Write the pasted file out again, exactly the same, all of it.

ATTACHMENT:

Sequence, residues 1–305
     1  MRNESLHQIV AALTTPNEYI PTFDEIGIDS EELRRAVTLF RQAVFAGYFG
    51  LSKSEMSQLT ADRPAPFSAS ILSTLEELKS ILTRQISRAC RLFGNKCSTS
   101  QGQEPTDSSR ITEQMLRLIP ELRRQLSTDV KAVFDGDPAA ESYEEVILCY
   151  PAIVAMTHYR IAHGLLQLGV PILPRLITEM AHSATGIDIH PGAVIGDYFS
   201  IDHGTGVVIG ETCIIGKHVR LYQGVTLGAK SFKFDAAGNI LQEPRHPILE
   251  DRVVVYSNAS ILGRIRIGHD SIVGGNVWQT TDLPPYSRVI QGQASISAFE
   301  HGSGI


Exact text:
Sequence, residues 1–305
     1  MRNESLHQIV AALTTPNEYI PTFDEIGIDS EELRRAVTLF RQAVFAGYFG
    51  LSKSEMSQLT ADRPAPFSAS ILSTLEELKS ILTRQISRAC RLFGNKCSTS
   101  QGQEPTDSSR ITEQMLRLIP ELRRQLSTDV KAVFDGDPAA ESYEEVILCY
   151  PAIVAMTHYR IAHGLLQLGV PILPRLITEM AHSATGIDIH PGAVIGDYFS
   201  IDHGTGVVIG ETCIIGKHVR LYQGVTLGAK SFKFDAAGNI LQEPRHPILE
   251  DRVVVYSNAS ILGRIRIGHD SIVGGNVWQT TDLPPYSRVI QGQASISAFE
   301  HGSGI